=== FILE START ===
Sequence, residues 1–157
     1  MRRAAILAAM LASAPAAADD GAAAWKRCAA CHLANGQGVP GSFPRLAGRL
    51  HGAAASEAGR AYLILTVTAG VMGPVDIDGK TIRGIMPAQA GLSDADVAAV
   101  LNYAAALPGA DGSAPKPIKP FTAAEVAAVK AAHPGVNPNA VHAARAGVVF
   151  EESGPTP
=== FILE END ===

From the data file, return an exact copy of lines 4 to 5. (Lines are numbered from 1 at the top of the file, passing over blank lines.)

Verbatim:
   101  LNYAAALPGA DGSAPKPIKP FTAAEVAAVK AAHPGVNPNA VHAARAGVVF
   151  EESGPTP